March 10, 2003 9:34 AM   Subscribe

Big Brother does all his shopping on eBay.
posted by Beholder (16 comments total)
Not to pooh-poo your post - but the link leeds to a page with no content, merely an article template. Am I missing something?
posted by plemeljr at 9:38 AM on March 10, 2003

Big Brother doesn't want me to see the article either.

I feel so persecuted.
posted by DragonBoy at 9:43 AM on March 10, 2003

same here. zilch content.
posted by quonsar at 9:44 AM on March 10, 2003

Yup...that and big brother is forcing me to spel wrog twoday. Oops
posted by plemeljr at 9:44 AM on March 10, 2003

Not at all plemeljr. Thanks for the heads up.

The link worked for me, while it was in the preview box, and now it doesn't. How is that possible. In any case, I apologize for posting a broken link, and hopefully the post will get deleted shortly.
posted by Beholder at 9:46 AM on March 10, 2003

the url looks wrong. there is a "/" after the '&' when there should most likely be an article ID number.
posted by quonsar at 9:49 AM on March 10, 2003

i just took the slash off and it worked fine. interesting article...
posted by erebora at 9:51 AM on March 10, 2003

You nailed it q - here is the correct link.
posted by madamjujujive at 9:51 AM on March 10, 2003

that's q's non-humorous comment for the month. use it well.
posted by Pretty_Generic at 9:57 AM on March 10, 2003

that's q's non-humorous comment for the month.
you didn't think that was funny?
posted by quonsar at 10:04 AM on March 10, 2003

In eBay's defense....

I think the sort of law enforcement that they're concerned with isn't so much "locate and track political dissidents" as it is "prevent and prosecute fraud". EBay has a significant interest in making sure that fraudulent auction transactions are punished, and I'm sure that most users appreciate that eBay will fully cooperate with law enforcement in case they're cheated by a fellow user. It would suck to have someone cheat you on an auction and have eBay respond with "sorry, can't help you with that: the user who defrauded you is protected by our privacy policy."

I think a possible analogy is to business licensing: in order to protect consumers, municipalities won't allow businesses to operate unless they have information on file. Similarly, eBay won't let you participate in an auction unless they can be sure of tracking you down if you behave badly. Part of dealing with bad behavior is cooperating with law enforcement.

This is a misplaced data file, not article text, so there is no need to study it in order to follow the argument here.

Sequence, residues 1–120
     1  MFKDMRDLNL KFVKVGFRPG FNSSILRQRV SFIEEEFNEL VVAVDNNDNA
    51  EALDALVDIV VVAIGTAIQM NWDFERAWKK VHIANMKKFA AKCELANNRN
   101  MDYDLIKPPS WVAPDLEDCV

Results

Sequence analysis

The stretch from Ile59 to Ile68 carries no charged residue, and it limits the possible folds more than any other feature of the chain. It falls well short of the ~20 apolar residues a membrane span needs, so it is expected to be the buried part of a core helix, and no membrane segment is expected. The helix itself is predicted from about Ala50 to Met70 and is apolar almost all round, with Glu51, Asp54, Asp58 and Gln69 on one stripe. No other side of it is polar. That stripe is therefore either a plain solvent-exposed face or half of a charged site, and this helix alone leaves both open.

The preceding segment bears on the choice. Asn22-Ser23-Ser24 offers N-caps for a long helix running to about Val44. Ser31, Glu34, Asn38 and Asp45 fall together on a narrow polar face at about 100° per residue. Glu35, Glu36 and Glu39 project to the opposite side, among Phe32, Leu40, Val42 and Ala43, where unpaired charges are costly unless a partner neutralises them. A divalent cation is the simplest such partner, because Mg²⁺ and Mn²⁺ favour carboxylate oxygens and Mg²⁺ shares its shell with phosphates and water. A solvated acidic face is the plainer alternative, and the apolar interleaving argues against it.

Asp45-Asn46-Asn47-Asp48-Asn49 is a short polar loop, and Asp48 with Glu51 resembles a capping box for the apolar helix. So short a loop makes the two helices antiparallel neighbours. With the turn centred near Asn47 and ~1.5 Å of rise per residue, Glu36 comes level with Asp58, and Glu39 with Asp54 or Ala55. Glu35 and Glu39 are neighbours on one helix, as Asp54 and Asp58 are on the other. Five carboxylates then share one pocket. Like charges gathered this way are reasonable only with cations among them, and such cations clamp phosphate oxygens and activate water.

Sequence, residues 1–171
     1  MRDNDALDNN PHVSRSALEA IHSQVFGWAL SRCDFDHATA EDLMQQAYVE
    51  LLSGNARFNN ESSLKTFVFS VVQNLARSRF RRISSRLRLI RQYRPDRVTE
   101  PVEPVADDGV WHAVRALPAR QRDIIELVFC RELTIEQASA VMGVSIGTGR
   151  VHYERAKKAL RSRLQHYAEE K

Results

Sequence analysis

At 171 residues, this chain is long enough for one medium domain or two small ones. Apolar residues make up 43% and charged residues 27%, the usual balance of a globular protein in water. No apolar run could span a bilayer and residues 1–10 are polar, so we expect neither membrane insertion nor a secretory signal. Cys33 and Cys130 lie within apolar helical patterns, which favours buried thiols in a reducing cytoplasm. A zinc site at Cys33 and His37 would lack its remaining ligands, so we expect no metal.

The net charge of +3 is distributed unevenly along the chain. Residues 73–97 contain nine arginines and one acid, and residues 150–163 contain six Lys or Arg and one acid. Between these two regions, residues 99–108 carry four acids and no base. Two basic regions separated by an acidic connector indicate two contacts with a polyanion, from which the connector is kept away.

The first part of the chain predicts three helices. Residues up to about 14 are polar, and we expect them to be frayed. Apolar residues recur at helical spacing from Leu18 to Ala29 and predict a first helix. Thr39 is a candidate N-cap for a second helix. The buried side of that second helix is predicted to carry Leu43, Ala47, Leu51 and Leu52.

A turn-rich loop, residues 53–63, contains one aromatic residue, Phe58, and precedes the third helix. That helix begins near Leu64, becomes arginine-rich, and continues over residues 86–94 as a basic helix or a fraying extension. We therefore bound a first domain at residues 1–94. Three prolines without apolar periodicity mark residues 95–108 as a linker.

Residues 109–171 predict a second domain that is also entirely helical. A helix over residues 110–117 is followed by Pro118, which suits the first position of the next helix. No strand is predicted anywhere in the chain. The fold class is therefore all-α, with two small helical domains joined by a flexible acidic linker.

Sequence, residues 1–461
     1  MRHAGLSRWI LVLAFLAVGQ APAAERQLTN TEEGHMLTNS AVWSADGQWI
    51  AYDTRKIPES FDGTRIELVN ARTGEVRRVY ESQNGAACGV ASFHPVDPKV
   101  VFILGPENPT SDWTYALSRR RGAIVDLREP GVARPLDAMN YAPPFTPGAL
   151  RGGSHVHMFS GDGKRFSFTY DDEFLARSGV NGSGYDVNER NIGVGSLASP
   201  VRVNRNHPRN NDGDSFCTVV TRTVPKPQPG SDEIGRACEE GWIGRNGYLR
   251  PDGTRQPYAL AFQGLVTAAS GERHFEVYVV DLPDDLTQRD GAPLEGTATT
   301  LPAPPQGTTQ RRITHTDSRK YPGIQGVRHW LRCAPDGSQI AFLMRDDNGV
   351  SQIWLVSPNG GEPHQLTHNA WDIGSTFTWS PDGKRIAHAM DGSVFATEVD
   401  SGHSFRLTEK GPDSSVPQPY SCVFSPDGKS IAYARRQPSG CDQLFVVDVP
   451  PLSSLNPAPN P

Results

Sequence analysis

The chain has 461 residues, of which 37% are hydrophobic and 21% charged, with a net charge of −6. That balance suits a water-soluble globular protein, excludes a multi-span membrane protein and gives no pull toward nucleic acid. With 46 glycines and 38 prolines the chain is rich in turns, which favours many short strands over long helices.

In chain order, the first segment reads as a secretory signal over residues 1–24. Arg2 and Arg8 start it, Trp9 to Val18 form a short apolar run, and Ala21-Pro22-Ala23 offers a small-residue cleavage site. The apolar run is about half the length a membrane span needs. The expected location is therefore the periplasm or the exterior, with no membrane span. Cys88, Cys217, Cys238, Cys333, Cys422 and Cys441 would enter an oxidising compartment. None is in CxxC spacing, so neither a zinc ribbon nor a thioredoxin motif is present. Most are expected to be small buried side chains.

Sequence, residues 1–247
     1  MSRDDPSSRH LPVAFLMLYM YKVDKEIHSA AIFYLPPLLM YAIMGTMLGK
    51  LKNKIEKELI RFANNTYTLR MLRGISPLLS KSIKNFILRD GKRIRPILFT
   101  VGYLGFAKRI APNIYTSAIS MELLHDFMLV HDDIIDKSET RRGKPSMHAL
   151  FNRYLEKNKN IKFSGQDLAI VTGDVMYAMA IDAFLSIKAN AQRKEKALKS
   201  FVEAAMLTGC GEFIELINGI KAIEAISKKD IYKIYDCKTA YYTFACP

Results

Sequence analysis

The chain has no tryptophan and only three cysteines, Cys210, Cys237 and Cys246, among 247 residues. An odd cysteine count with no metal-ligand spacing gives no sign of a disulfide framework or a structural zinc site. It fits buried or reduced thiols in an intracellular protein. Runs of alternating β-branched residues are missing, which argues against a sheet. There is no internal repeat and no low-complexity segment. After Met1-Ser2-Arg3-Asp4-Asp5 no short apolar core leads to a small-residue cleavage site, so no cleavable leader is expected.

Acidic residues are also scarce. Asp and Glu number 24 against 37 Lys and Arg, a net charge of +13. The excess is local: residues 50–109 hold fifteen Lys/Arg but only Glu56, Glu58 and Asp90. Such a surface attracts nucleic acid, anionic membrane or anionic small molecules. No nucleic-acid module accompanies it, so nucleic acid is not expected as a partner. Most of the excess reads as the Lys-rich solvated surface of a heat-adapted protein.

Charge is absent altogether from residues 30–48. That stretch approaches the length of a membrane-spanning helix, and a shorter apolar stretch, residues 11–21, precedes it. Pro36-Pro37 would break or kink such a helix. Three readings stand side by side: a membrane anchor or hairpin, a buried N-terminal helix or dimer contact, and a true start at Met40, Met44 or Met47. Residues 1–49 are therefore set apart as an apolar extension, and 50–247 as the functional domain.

posted by mr_roboto at 10:09 AM on March 10, 2003

Obviously the broken link is my mistake. I will make every effort to be more careful in the future.
posted by Beholder at 10:13 AM on March 10, 2003

hmmm. i hope the investigators don't track down the fact that the last cell phone i purchased off of ebay flashes "NOT FOR RESALE" when you turn it on.
posted by wondergirl at 10:23 AM on March 10, 2003

hmm. wonder if some of these legalities and such were covered by that *new* user agreement that paypal forced me to sign recently.

wonder what it said. lots of words in it, seemed like.
posted by fishfucker at 10:24 AM on March 10, 2003

fishfucker: here is about the typical article i've seen on the new paypal agreement, not that paypal hasn't recieved numerous complaints, mostly concerning their policy of quickly freezing accounts.
posted by yeahyeahyeahwhoo at 11:41 AM on March 10, 2003

eBay has a lot to gain by leveraging their database of customer-provided personally identifiable information, provided it acts within the confines of the eBay User Agreement and Privacy Policy, to understand more about how their service is used, and how it can be changed to drive up revenues.

However, I do not understand what eBay gains by acting on requests from law enforcement without a court order (subpoena, warrant, whatever).

What is the gain for eBay here?
posted by tomharpel at 12:09 PM on March 10, 2003

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